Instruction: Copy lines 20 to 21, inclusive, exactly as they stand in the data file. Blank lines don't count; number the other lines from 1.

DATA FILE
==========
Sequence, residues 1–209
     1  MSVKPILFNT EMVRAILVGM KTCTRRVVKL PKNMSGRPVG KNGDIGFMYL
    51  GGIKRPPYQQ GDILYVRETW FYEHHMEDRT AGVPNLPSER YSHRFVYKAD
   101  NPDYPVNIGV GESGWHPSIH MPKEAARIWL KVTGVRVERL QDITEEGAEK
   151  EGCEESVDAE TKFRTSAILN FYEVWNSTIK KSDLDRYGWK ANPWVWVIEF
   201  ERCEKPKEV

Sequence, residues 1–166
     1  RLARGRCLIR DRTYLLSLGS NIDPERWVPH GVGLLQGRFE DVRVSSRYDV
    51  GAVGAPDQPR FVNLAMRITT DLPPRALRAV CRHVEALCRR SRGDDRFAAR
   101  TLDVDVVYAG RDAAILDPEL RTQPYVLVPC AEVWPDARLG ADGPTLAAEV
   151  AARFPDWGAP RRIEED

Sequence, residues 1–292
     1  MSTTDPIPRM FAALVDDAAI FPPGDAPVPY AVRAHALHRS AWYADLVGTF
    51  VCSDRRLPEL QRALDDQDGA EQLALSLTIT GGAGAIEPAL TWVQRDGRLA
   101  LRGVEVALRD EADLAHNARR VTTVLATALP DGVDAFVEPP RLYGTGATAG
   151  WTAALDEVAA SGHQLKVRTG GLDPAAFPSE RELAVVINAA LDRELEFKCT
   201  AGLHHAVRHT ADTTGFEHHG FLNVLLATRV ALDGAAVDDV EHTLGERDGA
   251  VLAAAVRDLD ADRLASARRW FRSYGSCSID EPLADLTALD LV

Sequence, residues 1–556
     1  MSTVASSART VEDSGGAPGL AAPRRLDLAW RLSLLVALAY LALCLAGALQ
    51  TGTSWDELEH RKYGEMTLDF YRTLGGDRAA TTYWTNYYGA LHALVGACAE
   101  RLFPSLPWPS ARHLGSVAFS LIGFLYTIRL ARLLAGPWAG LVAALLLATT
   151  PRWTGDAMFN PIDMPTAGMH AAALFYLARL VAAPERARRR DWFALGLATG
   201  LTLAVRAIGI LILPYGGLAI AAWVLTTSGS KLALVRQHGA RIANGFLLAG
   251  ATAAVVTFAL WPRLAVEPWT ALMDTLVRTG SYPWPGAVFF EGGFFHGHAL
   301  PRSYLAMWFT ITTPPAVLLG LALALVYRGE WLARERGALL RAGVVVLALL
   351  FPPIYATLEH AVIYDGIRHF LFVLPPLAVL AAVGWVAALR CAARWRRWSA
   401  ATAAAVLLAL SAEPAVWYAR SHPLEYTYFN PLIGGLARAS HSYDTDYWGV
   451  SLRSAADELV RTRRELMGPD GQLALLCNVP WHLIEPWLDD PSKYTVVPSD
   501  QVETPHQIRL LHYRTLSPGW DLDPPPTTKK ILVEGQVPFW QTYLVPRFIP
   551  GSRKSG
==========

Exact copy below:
     1  MSTVASSART VEDSGGAPGL AAPRRLDLAW RLSLLVALAY LALCLAGALQ
    51  TGTSWDELEH RKYGEMTLDF YRTLGGDRAA TTYWTNYYGA LHALVGACAE